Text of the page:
Sunday, June 03, 2007

How "300" Helped Me Understand Musicals

That's right. The film version of Frank Miller's 300 led me to an understanding about musicals.

I'll say that even with my fresh understanding of them, I'm still not so much a fan. But the obstacle, the same thing that many people have with musicals now makes sense to me. And it came thanks to one of the least musical movies ever.

Or is it?

300 is a fantastic telling of a real story, to a degree. And it's in that degree that I found my understanding.

Miller or director Zack Snyder is not leading us to believe that the Persians had giant men chained up as a secret weapon, or that King Xerxes was 9' tall and sounded like the bad guys from Stargate. For comics it has been common for quite some time. Comic books, because of the medium, has always had a degree of impressionism to it. (Footnote on this to follow)

But one of the age old arguments for film was whether or not it represented 'reality,' or what was the real. "Seeing is believing" has guided the audiences expectation in film, or that has been the conventional wisdom of film theory, at least one side of it. The other, springing from the Melies films vs. Lumiere and Edison films that were more or less documentary.

The realism restriction, that expectation of audience, has pretty much dominated. But I think thats selling audience short by making excuses for when the audience doesn't seem to follow that need. All the way back to The Cabinet of Dr. Caligari there have been impressionistic films. Audiences are more than willing to accept fantastic setting, from the films of Tim Burton or Terry Gilliam or Jean-Pierre Jeunet. These are theatrical pieces, magical reality.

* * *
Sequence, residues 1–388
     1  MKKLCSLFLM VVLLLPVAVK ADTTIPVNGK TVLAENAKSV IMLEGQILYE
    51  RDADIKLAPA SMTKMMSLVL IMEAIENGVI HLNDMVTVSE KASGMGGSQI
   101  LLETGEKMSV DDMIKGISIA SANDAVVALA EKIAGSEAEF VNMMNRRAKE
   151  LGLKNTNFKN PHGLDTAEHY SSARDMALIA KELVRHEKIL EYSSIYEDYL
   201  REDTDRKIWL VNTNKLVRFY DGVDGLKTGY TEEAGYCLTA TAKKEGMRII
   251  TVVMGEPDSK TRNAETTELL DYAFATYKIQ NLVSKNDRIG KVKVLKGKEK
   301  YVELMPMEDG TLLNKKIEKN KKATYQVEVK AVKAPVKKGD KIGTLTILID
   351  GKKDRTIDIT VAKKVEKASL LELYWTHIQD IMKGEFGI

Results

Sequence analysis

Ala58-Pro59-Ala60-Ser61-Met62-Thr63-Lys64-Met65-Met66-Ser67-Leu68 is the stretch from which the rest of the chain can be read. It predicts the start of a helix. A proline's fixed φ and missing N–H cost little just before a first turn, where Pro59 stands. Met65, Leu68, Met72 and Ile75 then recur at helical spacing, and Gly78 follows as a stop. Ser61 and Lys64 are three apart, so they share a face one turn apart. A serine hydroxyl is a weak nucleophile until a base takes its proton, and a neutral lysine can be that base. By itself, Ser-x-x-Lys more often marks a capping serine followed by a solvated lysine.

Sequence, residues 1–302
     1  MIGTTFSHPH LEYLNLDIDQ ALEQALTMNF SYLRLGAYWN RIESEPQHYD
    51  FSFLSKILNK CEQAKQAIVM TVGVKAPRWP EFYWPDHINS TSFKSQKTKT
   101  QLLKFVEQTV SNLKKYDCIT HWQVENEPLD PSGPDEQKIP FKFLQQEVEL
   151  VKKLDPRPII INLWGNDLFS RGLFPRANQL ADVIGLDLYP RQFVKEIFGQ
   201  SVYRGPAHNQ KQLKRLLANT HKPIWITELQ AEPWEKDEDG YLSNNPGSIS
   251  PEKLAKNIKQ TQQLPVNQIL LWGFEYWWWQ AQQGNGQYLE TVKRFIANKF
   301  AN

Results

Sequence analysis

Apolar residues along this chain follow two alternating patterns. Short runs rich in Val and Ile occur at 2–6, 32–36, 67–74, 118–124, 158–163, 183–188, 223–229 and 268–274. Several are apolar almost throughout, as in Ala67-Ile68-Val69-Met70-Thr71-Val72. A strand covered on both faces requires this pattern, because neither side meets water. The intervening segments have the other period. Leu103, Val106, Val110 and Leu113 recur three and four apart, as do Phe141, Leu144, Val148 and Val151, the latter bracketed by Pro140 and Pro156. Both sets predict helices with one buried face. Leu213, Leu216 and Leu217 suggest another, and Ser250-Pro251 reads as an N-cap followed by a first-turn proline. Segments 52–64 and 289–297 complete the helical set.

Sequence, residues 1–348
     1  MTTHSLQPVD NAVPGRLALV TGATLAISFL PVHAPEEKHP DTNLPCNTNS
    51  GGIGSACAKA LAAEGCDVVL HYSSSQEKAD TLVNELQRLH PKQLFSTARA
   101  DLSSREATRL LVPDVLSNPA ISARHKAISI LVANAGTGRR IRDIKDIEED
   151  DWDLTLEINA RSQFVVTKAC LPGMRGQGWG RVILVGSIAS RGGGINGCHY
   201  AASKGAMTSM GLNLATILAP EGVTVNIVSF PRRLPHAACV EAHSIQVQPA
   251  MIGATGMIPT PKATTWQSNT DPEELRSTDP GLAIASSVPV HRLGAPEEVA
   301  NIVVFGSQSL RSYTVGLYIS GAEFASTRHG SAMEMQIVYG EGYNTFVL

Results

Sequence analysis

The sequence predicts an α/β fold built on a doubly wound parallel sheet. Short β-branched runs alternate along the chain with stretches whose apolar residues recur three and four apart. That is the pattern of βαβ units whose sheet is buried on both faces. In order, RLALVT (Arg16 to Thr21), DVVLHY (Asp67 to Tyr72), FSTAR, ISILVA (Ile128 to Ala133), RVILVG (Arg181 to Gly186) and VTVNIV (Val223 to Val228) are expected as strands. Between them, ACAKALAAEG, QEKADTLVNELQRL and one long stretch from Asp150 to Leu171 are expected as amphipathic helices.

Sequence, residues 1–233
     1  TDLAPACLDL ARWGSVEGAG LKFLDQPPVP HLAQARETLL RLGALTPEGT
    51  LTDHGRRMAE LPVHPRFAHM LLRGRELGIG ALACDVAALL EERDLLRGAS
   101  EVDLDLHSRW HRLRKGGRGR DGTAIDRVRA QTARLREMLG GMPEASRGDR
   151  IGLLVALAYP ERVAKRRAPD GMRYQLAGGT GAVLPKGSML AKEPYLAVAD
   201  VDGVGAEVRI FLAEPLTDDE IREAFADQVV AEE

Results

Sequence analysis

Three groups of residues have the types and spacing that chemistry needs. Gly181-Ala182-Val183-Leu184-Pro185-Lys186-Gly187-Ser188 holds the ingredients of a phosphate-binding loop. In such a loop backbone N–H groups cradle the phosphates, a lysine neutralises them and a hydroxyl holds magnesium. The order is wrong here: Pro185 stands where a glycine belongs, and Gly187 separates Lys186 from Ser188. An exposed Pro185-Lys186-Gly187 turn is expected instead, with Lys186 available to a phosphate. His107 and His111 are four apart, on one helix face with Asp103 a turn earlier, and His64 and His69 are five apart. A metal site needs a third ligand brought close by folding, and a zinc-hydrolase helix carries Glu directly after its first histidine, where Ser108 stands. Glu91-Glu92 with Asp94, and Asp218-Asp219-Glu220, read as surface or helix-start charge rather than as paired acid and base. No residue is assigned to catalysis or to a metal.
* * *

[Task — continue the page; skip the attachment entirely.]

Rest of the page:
Theater has never really had a problem with this and since the inception of the musical has churned them out non-stop. But for film consetions like "it's a dream" in films like Chicago or The Wizard of Oz, or the "Backstage musical" (there's not even a Wiki page on that...weird), essentially a music set 'backstage' at a musical hall so people singing was proper. Never mind that Busby Berkeley's numbers couldn't take place on any stage. Or that musicals became popular as soon as films got sound. But the wisdom was that the audience still expected the film to be 'real.'